Coming to the flip side of it, it puts a toll on the environment (think of the millions of trees that lose their lives to give us paper and stationery of various makes and designs or the tons of non-biodegradable waste that are generated due to high consumerism or the huge quantities of chemicals that are churned up in laboratories to come to the aid of the cosmetic industry), depletes traditional values (substituting personal ownership in place of collective ownership thereby increasing unhealthy competition), creates a false sense of need (when you go to a mom-and-pop store you ask for all that you have scribbled in your list, but when you leisurely stroll across a mall trolleying your basket along there is more likelihood of buying items that are not necessarily on your purchase list), creates a false sense of deprivation (a FOMO feeling), an incorrect understanding of life and self (defining self and others in terms of possessions, acquisitions and wealth rather than in terms of character and personality traits), increases animosity, jealousy and envy (owing to cut-throat competition to thrive in a competitive market) and lastly, leads to a spiralling of psychological disorders (starting from commonplace insecurities, insomnia, anxiety to various psychosomatic disorders and so on).

My analysis above brings forth more of the adverse impacts than the boons of economic prosperity and harnessing of creative potential. Consumerism is here to stay. With the world powers delving deep into economic growth, we cannot rub consumerism off our backs any time. Rather, we would see ourselves being sucked into the whirlpool of an even intense cycle of consumerism.

How to deal with it, then? How do you curb it when shopping is just a mouse click or a phone tap away? How do you protect your gullible self from falling prey to luring advertisements? How do you keep yourself from not trying new products? How do you keep yourself away from not availing lucrative discounts and offers which hoodwink you into believing that you sure need/ would need a product? Would you be willing to keep yourself one step behind your counterparts?

The key is self-control. Knowing what you want and going in for only that though other lucrative stuff may catch the eye, is vital.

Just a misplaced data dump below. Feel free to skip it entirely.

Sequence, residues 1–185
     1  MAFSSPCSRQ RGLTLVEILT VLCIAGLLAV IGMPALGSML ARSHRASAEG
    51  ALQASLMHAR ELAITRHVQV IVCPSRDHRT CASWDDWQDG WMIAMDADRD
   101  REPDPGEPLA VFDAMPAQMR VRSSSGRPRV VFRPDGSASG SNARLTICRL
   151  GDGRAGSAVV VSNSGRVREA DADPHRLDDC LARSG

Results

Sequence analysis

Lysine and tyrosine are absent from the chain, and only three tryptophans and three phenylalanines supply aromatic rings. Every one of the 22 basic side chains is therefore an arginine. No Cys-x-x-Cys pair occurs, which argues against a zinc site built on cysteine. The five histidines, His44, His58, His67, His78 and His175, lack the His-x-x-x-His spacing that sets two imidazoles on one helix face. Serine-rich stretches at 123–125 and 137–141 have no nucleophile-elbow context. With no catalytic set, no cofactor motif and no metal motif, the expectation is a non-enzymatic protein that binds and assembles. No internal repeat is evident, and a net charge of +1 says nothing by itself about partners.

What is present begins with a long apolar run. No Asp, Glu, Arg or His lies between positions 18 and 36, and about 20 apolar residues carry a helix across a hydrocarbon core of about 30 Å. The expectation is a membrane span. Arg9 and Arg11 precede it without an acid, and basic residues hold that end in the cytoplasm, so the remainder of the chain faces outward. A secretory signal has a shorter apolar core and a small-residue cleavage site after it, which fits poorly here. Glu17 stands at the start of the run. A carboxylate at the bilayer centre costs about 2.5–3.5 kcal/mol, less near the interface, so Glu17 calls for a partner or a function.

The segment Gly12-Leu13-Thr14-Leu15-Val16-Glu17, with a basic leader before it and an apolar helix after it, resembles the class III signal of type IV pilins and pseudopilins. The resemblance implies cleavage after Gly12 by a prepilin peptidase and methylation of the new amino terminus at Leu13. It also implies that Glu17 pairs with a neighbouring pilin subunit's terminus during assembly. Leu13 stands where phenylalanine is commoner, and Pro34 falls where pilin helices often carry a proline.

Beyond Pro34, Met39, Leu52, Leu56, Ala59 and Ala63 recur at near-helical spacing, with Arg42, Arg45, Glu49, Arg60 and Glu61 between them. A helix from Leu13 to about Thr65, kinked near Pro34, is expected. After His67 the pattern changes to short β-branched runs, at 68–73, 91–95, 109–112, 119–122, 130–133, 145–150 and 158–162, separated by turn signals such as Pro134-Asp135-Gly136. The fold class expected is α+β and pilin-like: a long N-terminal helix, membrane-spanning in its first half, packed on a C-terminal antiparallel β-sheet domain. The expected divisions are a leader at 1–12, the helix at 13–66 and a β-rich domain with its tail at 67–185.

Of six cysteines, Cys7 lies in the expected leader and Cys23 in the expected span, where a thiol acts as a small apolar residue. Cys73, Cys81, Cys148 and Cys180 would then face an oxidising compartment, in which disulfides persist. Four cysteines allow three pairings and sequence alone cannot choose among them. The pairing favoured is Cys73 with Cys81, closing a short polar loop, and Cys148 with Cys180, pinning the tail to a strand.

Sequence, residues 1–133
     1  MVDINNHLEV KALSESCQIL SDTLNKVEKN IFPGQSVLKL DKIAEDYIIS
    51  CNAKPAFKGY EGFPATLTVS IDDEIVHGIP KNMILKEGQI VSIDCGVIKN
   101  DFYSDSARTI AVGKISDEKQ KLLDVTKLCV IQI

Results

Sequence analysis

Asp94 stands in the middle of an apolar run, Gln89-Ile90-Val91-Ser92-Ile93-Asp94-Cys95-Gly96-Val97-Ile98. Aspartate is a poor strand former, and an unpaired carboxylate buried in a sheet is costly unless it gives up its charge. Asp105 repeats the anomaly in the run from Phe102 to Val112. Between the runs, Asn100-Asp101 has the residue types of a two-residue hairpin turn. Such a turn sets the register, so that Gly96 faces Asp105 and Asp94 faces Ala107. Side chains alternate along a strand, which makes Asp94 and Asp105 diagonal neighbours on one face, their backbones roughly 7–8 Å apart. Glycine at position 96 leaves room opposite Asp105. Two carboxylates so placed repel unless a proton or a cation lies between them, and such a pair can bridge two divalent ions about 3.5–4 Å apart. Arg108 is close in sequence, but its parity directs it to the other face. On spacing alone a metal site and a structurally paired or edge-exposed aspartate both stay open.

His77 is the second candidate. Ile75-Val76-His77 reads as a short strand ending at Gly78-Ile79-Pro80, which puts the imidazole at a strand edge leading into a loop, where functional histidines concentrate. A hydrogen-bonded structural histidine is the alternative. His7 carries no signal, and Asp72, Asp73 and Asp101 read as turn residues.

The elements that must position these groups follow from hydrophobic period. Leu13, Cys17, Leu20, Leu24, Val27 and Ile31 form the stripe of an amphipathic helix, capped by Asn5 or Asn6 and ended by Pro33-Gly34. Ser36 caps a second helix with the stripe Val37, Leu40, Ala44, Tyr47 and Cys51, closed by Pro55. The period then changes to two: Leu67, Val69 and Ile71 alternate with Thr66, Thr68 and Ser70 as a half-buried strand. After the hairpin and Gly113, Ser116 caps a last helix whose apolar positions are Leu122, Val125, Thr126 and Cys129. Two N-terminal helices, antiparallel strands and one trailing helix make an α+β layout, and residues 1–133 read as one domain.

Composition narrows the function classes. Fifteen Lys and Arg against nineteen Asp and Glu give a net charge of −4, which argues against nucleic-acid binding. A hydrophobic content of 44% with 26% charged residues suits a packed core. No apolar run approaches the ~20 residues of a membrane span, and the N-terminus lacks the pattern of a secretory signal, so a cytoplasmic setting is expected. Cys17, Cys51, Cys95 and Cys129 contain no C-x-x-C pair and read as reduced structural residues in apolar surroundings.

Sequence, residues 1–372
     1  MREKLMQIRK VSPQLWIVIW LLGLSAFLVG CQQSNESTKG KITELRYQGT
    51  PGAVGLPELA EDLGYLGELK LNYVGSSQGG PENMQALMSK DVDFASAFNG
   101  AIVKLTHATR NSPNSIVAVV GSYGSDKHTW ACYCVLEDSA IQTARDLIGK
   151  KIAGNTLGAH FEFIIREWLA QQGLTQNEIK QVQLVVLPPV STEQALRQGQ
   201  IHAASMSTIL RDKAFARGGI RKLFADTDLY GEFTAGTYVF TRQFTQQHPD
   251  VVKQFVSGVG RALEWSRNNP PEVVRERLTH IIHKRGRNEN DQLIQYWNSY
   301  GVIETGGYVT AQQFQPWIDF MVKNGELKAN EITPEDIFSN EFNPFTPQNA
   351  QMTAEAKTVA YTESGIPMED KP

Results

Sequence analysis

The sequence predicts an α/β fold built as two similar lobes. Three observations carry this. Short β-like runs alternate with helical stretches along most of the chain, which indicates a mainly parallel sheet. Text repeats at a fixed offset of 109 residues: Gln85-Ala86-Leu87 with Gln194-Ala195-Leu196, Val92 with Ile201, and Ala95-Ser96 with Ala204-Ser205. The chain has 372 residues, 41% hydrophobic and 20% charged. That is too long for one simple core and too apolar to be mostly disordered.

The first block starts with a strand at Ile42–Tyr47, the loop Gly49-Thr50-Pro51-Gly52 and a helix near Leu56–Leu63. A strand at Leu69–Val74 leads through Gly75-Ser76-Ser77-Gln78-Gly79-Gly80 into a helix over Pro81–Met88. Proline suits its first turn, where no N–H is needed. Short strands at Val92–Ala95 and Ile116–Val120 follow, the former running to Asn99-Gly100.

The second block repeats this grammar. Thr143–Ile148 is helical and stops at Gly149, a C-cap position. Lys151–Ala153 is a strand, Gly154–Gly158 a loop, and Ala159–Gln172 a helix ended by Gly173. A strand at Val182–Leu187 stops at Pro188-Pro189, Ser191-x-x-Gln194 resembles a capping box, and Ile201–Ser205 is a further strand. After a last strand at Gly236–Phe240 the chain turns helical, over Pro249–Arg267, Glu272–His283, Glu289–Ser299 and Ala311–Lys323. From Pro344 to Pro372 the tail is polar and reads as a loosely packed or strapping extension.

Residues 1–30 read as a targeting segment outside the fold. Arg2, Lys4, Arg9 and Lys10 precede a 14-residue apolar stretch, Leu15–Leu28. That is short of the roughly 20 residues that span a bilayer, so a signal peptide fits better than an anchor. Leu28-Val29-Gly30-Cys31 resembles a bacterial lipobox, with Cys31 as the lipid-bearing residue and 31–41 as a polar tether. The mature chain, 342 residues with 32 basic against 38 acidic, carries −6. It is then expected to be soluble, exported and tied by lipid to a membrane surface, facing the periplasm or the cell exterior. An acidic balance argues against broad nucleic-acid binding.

The world economy is at its crippling worst now, because of Covid restrictions. But then, didn’t we all survive with only basics at our disposal for months together at a stretch? Didn’t we survive without spending endlessly on mindless wants, by only sticking to our needs? Everyone did. Crib, cry, struggle or whimper – all of us lived without the wants that we had so far mistaken to be our needs.

While it is not wrong to indulge occasionally, it is definitely not beneficial to ride on a consumerist spree. In an attempt to boost up the economy, the individual losses need not be miscalculated.

The next time you are tempted to buy that one product simply because you would get another one free, think twice. If you are bitten by the green-eyed monster and get the adrenaline rush to acquire something that has pushed another someone up the societal ladder of prosperity, pause and rethink. By all means it is wise to wait for Sale Seasons and Discount Offers to shop for essentials, but to spend money and buy irrespective of requirement is nothing but engaging in the thankless job of boosting the economy at the expense of one’s personal well-being.

It is unwise to define success in terms of mere material prowess bereft of priceless human values. So while it is important to do our bit to keep the circular motion of money intact, it is equally pertinent to make wise choices for expenses and investments without being deceived by the quagmire of consumerism.

“Human life is not a pixel in spatial isolation,
But, a coming together of a million pixels
to create a whole image.
YOU impact others!”